Veggie Steamer – 4 Types & How To Use A Vegetable Steamer

Cooking vegetables and other things in a steamer is a healthier choice. It ensures that vegetables and foods have a wonderful flavor and nutritional value. It also helps retain approximately 90% of the nutrients found in veggies and meals. Steaming is a moist-heat cooking method in which food is cooked by being surrounded by a hot vapor in an enclosed space. It’s a highly effective cooking method that doesn’t require oil or fat.

Steaming can be used to prepare various meals, including meat, poultry, fish, and vegetables. To perfect this cooking method, you’ll need some patience and practice. You’ll make some mistakes and maybe ruin a few dishes along the process, but don’t let that stop you. To get you started, let’s take a closer look at different types of food steamers, what materials they are made of, their different sizes, and more! Read on to learn how to steam your vegetables like an expert.

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Types of Vegetable Steamer

  • Steamer basket
    Stovetop steaming is a classic method of steaming meals. Silicone or metal steamer baskets are available. The metal steamer is long-lasting and ideal for steaming larger or heavier veggies. Silicone baskets are non-scratch and may be utilized on the cooktop or microwave. They’ll also fit into a variety of pot sizes with ease.
  • Electric steamer
    An electric steamer works similarly to a steam basket, but it’s a stand-alone cooking device that works for you right on your counter. You fill the pot halfway with water, add the vegetables you want to steam, close and lock the lid, and then set the suitable setting on your appliance.
  • Bamboo steamer
    This steamer sits on the stockpot and is ideal for steaming huge quantities of veggies, dumplings, and seafood. They are multi-tiered and come in different sizes-stackable trays with ventilated bottoms that stack one on top of the other makeup bamboo steamer baskets. Steam rises through the layers of the basket and cooks the food when it is placed over a pot of simmering water.

Size of Vegetable Steamer

Steamers for family cooking can be rather large, with a large footprint and deep, wide baskets that take up a lot of space on the counter and in the cabinet. If the room is limited, opt for a taller type rather than one that is wider but has baskets that stack one inside the other. Most steamers hold roughly 9 liters of water, enough to prepare a lunch for four people. A smaller steamer may be preferable when cooking for one to three people because it takes less room.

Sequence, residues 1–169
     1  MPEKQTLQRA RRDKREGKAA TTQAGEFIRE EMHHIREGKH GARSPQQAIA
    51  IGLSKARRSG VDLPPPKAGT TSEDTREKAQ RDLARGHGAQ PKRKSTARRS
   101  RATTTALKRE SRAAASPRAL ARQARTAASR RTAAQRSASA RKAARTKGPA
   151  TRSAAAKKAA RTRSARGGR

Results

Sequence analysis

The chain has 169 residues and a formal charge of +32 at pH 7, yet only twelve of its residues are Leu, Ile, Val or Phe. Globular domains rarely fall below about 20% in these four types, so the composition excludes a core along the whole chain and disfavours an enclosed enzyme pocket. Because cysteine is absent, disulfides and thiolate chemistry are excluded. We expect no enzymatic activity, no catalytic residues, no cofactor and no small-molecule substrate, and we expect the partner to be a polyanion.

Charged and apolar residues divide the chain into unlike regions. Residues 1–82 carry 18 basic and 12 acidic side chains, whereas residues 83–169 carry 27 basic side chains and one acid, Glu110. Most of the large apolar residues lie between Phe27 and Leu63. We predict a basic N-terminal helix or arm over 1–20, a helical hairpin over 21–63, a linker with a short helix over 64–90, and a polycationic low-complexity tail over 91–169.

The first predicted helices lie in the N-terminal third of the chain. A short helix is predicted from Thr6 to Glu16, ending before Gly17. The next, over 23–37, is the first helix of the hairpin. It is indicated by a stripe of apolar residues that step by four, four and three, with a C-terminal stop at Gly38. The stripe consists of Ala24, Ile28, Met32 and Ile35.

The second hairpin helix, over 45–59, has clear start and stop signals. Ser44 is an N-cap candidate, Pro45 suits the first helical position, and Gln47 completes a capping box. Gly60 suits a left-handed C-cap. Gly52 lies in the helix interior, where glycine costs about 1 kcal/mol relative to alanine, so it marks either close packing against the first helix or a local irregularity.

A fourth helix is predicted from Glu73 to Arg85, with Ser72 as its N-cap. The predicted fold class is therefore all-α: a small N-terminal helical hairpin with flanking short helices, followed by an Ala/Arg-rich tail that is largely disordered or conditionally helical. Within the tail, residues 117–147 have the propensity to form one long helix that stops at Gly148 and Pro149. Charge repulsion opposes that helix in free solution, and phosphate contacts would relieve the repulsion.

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How To Use A Vegetable Steamer

The basic rule of steaming is to avoid overcooking! Vegetables should only be cooked till they’re crisp-tender. It also implies that you’ll need to be prepared to taste test with your fork in hand! Cooking vegetables for even a few minutes longer than necessary turns them from bright and crisp to faded and mushy. Here are some suggestions for using a steamer basket for cooking vegetables.

  1. Prepare your vegetables
    Cut the vegetables into bite-sized pieces that are uniform in size. If you’re cooking two types of veggies simultaneously, cut the slower-cooking vegetables into smaller pieces than the faster-cooking vegetables.
  2. Put a sufficient amount of water under the steamer basket and bring it to a boil.
    When steaming veggies, the basic rule is to bring the water to a boil first! Don’t be tempted to immediately toss everything into the steamer and start boiling the water. Fill the base of the saucepan or pot with about 1 inch of water, then insert the steamer basket inside. The water’s surface should be just below the basket (so pour out water if you need to). Please bring it to a boil after that!
  3. Fill steamer basket
    Arrange your vegetables in a basket. If you’re using stacking bamboo steamers, start with the vegetables that will take the longest to cook (sweet potatoes and carrots) and work your way up. You’ll be able to remove the baskets on the top as they finish cooking (or reverse engineer it and start by placing the first bamboo basket in the pan and then wait a few minutes to put the second layer and so on so that they all reach perfection.
  4. Place steamer in pan
    Lower heat and carefully place the steamer into your pot or pan. Place the lid on a metal or silicon steamer and steam the vegetables until crisp-tender. Make sure to keep an eye on the water level in the pan, so it doesn’t dry out. If it does, pour a little extra down the pan’s edge.
  5. Check if it’s done
    The most crucial aspect is the taste! To determine when a piece is done, use a fork to test it and taste it. The cook time will vary depending on the thickness of the chopped vegetables and the maturity of the vegetable.
  6. Drain and season
    Transfer the vegetables to a bowl with caution. Then combine with kosher salt, olive oil, or butter. You can also use lemon juice, fresh herbs, feta cheese crumbles, or other spices to enhance the taste.
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Additional Steaming Tips

Cover the dish if needed.
When steaming Leche flan or dumplings, you don’t want excess water in your dish. Use plastic wrap or foil to keep extra water from dripping into your container to avoid bland food.

Don’t steam for too long.
This is where things start to get complicated. Getting everything on the table at the same time while keeping everything hot and pleasant is one of the most challenging chores a home chef undertakes. Cooking steamed vegetables take a few minutes, making them a fantastic last-minute option.

Let the steam collect.
Allow time for the water to boil and the pot to develop steam before adding your meal. Your food will be cooked by the steam that forms when the water is slowly boiling.

Don’t add too much water.
Water is the most crucial component of steam cooking. The secret is to add the right amount of water. If you’re going to use a steam basket on the stove, start by filling the pot with one or two inches of water. Once the steamer basket is in the pot, you don’t want the water to rise above it, as this is one of the quickest ways to ruin the dinner.

Vegetable Steamer’s Designs

A steamer is a specially built unit that includes a specific pot and a steamer layer above it. The gadget may be designed on a stovetop or an electric counter-top device. A steamer can be made on the spot with attachments that fit into or sits on top of conventional pots. Aluminum, stainless steel, enameled metal, and bamboo are all options for these inserts.